As migration patterns from Africa into Europe shift westward, European leaders are turning their attention, and their money, toward efforts to stem the fast-growing human traffic between Morocco and Spain.
EU and Moroccan officials agreed last week on a $160 million emergency funding package, making the North African country the third largest recipient of EU funds earmarked for that purpose.
Much of that money will go to stepped up border security, according to Morocco’s chief government spokesman, Mustapha El Khalifi. About $50 million will be spent to secure the sea routes to Spain and the extensive desert borders with Algeria and Mauritania
Morocco says it already has 13,000 security personnel deployed to deal with the growing flow of migrants seeking to reach Spain.
Units of riot police are permanently encamped along the borders with Ceuta and Melilla – two Spanish enclaves on Morocco’s Mediterranean coast – while the navy operates guard posts along the beaches and patrols the coast to intercept immigrant-laden boats making the dash to Spain.
The pressure on Spanish borders results from the relative success of efforts to slow the flow of migrants from Libya and other countries further to the east. That has diverted the flow of migrants toward northwestern Africa, where the number of migrants crossing the Strait of Gibraltar has tripled in the past year.
About 55,000 Africans, mainly from sub-Saharan countries but increasingly including Moroccans, have tried to cross to Spain during the past year, according to the Moroccan government. Most originated from Syria, Yemen, Ivory Coast, Guinea, Central African Republic and Congo.
The Spanish government says 43,000 immigrants have crossed from Morocco this year, twice as many as in all of 2017. Several thousand more have broken through the border fences around Ceuta and Melilla to reach Spanish soil.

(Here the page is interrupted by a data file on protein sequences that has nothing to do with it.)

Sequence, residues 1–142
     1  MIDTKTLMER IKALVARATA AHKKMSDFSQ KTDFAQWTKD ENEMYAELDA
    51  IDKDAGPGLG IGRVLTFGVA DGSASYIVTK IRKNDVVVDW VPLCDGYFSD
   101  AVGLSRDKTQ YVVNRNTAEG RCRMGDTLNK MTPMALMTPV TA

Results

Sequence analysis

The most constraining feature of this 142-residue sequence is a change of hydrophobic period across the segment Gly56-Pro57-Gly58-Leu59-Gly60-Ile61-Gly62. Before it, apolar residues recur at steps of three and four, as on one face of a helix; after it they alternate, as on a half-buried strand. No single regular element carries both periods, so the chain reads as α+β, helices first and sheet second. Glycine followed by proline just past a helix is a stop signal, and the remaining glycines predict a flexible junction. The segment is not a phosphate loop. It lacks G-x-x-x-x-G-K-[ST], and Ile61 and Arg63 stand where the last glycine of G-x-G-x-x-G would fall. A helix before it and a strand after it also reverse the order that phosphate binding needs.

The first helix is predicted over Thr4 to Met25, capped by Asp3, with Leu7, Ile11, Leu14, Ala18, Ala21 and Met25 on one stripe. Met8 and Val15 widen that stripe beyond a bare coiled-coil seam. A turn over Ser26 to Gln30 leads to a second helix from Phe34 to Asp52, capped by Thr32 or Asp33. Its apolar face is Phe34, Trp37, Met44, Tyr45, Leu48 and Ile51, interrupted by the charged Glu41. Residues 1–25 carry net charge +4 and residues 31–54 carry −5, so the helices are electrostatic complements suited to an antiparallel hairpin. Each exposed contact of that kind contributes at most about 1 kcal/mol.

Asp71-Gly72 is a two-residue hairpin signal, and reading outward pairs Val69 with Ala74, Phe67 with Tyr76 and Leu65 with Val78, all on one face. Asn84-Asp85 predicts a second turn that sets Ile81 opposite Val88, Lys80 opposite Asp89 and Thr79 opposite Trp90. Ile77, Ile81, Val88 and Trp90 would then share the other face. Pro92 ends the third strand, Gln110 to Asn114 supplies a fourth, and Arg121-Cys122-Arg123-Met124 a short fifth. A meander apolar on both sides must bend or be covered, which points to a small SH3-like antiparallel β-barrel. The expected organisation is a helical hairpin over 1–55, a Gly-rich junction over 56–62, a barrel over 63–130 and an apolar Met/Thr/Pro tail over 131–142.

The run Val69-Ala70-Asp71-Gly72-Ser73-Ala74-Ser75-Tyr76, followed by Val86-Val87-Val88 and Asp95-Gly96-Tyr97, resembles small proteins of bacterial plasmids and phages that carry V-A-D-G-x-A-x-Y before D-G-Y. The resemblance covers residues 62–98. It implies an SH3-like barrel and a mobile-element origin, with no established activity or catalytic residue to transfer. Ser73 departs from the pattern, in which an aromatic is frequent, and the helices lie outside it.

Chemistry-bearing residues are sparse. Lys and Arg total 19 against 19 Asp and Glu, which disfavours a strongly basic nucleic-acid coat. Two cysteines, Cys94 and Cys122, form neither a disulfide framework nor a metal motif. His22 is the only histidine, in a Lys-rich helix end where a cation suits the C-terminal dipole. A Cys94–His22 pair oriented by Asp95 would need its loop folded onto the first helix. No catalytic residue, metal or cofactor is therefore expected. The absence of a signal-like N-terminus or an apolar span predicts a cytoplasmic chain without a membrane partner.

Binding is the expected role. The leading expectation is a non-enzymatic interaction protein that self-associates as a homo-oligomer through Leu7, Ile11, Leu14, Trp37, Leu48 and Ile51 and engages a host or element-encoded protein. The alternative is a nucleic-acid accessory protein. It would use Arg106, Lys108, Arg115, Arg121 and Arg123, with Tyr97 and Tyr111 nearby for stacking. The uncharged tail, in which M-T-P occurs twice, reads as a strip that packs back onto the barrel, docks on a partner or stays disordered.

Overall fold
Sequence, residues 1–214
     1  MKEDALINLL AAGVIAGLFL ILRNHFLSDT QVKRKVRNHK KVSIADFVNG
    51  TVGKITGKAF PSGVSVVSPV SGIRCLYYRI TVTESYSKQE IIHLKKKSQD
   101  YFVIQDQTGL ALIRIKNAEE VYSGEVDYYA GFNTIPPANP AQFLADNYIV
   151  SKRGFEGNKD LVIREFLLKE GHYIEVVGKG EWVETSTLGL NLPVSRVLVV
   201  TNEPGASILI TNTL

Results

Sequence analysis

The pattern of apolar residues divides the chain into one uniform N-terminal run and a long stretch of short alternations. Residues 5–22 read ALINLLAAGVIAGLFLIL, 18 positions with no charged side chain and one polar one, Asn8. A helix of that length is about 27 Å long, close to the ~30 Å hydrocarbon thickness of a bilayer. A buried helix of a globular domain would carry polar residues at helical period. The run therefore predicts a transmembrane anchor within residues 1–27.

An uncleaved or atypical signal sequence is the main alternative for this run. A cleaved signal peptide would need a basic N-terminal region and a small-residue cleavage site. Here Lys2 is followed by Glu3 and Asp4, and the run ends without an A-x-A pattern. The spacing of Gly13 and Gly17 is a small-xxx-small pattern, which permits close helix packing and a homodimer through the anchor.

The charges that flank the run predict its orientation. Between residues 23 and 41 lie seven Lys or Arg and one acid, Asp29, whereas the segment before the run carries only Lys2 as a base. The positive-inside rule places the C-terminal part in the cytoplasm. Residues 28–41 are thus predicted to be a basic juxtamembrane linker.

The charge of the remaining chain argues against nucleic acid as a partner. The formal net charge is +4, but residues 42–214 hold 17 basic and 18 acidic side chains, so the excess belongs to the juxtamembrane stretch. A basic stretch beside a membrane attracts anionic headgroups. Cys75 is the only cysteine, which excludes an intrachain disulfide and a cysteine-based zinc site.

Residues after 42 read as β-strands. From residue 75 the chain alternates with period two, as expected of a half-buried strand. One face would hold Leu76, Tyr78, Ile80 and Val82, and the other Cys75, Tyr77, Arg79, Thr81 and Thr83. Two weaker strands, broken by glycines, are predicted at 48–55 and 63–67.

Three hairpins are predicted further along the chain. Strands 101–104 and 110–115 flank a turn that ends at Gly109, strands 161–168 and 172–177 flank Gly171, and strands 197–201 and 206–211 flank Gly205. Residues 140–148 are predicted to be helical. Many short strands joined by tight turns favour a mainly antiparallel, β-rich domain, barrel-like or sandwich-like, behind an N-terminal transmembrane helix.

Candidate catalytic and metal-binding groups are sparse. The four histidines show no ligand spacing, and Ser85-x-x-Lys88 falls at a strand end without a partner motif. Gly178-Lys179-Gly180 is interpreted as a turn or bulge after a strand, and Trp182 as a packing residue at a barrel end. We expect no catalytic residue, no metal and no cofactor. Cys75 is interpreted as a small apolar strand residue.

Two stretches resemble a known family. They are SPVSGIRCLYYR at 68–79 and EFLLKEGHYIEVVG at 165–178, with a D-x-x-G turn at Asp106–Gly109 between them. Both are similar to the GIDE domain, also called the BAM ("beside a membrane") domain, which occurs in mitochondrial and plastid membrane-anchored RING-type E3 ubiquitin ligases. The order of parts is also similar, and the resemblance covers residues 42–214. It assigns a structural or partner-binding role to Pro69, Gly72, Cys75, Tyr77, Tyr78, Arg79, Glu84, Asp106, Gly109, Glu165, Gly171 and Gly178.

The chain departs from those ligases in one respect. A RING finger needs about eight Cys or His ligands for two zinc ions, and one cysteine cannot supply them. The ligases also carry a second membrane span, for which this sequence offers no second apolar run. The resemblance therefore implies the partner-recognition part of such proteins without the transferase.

“It’s necessary to be closely vigilant with the evolving situation in the western Mediterranean and in that context reinforce cooperation with Morocco,” said the president of the European Council, Donald Tusk.
The president of European Commission, Jean Claude Junker, said he will visit Morocco in February. His approval of the new aid package followed a meeting of EU heads of state last week in which Spain’s Prime Minister Pedro Sanchez described the need as “urgent,” according to Spanish foreign ministry officials.
A summit between EU and North African security ministers is also planned for Rabat at the end of this year.
The aid package represents a major increase in EU funding to the North African kingdom, according to EU officials.
Moroccan government officials have expressed “satisfaction” with the offer, although some analysts in Rabat say that the amount is below what is needed in view of the country’s growing role as a migrant springboard to Europe.
A Moroccan foreign ministry official who spoke on condition he not be identified said his government agreed to the amount on condition the funds be released immediately. Morocco says it has legalized the status of 50,000 migrants transiting the country during the past five years.
Mohammed Ali, a town councilor who deals with immigration issues in the city of Kasser-al-Khabir, says the EU has long been promising increased aid to Morocco and has used funds earmarked for educational and development programs as well as other subsidies to pressure the authorities to cooperate on migration.
Half of the EU funds going to Morocco will be channeled through the Vienna-based International Center for the Development of Migration Policies and other public foundations administering a variety of humanitarian projects.
They include efforts to assimilate sub-Saharan migrants into the societies of transit countries, according to Rashid Jellouli, who administers one such program called Return to Better Opportunities.
The remaining $80 million is being injected directly into the Moroccan government’s budget for 2019, according to Spanish diplomatic officials who have played in key role in negotiating the aid package.
It’s still much below the annual $304 million which the EU has given Libya, launching point for tens of thousands of migrants bound for Italy every year. But it’s a considerable increase from the estimated $17 million to $22 million Morocco received from the EU last year when migration routes began shifting toward northwestern Africa.
Some Moroccans view the aid with skepticism. “It’s supposed to create jobs and opportunities in Morocco to discourage migration, but much of it goes into the pockets of bureaucrats,” said one lawyer in Tangier, who spoke on condition he not be identified.